toggle navigation

Thumbs Up, Thumbs Down Food Trends

May 25, 2010

Cute little market near my house.

For my job, I’m acutely aware of food trends. I’m not a critic or chef, nor do I work at a culinary publication. However, I do cover restaurant openings a ton. And with that, I get to see what’s popping up before anyone else, so I’ve started to notice patterns. Here are my picks of things I love on today’s menus and the things I wish would disappear. Bad news first…

My man enjoying a Save on Meats burger.

A year ago I wrote about burgers, burgers, everywhere burgers. While I love a good burger (really, I do), I’m a bit over them. In Atlanta alone, it’s gourmet burger city right now, so I can only imagine what the rest of the country is looking like between two buns. Those jazzed up kinds topped with wine-infused ketchup and rock star chefs making them in places not called restaurants or diners, but boutiques. So annoying.

CO-OP farm behind my house.

I’m not really complaining about the farm-to-table food trend here. Honest. I’m just so effing over restaurants patting themselves on the back about serving fresh, quality food that goes from its source to your mouth. I mean isn’t that your job as a chef? To give me the best ingredients in their peak state and serve it? Are we really so far gone in the food industry that just eating non-processed, chemical-free food is to be touted from here to California? Seriously, stop bragging about it.

Using Bella’s rosemary salts to make toasted walnuts.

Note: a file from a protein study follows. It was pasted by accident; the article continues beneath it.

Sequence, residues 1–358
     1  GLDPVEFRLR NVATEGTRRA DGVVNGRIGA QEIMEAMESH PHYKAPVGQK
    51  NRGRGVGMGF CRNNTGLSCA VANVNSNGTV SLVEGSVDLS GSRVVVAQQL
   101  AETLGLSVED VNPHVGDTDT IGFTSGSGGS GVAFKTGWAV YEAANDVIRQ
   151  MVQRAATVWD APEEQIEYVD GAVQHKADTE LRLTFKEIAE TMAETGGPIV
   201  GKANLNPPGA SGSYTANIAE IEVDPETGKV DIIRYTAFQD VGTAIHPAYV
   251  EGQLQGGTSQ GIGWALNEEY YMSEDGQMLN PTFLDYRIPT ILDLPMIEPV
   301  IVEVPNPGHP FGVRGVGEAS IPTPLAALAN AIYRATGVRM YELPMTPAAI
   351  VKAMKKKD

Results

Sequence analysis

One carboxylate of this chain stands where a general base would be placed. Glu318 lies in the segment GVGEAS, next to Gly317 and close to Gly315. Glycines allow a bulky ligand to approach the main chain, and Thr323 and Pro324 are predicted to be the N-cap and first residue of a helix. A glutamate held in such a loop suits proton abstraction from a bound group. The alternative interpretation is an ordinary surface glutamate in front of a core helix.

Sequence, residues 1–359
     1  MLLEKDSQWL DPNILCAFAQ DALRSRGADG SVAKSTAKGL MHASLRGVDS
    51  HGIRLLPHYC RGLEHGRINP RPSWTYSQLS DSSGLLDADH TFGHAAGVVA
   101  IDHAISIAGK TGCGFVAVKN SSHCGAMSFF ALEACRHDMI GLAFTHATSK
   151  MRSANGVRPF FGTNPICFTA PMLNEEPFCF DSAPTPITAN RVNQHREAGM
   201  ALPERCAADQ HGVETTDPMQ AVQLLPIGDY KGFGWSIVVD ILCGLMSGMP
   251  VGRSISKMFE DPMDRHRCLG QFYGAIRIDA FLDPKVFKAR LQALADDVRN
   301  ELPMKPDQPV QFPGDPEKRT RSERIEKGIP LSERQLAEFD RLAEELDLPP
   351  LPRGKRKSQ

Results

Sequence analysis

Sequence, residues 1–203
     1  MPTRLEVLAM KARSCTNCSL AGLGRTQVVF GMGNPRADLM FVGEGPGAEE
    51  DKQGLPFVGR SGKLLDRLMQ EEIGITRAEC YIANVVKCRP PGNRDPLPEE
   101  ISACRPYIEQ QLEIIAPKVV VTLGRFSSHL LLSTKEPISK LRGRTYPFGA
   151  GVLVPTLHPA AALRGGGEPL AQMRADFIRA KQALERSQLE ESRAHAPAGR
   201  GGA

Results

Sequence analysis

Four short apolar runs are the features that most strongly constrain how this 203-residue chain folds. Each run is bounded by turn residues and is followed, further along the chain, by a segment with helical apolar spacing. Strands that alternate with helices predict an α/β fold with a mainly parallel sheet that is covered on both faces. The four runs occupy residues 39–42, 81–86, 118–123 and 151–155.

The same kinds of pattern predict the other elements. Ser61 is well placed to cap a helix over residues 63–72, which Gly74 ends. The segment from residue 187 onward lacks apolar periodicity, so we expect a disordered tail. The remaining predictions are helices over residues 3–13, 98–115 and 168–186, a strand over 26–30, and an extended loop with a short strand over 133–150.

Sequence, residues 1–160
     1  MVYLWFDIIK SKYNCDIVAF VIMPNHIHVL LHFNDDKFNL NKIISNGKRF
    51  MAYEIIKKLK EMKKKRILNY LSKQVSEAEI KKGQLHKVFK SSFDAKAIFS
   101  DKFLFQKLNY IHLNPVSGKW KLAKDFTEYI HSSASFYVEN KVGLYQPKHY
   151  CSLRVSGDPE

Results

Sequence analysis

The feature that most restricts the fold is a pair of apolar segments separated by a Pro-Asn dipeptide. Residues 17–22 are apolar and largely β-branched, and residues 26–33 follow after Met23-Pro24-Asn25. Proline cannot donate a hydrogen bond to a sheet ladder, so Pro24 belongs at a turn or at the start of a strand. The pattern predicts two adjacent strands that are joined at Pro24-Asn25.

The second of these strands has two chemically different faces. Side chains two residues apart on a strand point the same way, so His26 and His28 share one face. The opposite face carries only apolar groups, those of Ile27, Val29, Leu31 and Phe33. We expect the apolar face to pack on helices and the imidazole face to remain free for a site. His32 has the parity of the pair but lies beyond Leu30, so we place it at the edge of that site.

Some things I love right now? Salts. Last year, for an article I was researching and writing, I tried hickory smoked salts, and man alive, they are divine. We put them on everything. I also cannot get enough of the recent salted dessert craze showing up everywhere on menus, like caramel pot de crème with vanilla salt.

Photo Courtesy of The Pickle

I’ve written about food trucks here before, but I failed to mention my first introduction to them. It was an old Airstream called Moya Taco just north of San Francisco. Perfection. We ate there after a long day of travel (my twin sister had us on planes, trains and automobiles, except instead of trains it was a commuter bus with me holding my luggage on my lap for the better part of 2 hours. Sorry tangent, apparently that one left a mark). But, it led us to the magical Sonoma glow that is Healdsburg and just after that we saw the Moya trailer shining like a beacon in the night. On its picnic tables I ate the best burrito ever washed down with a cold, coke classic out of a can. That was my first true introduction to California cuisine. On that note, with food trucks comes the easier accessibility to a variety of ethnic foods. And right now I’m seeing words like bulgogi appearing before me. Thumbs up, absolutely.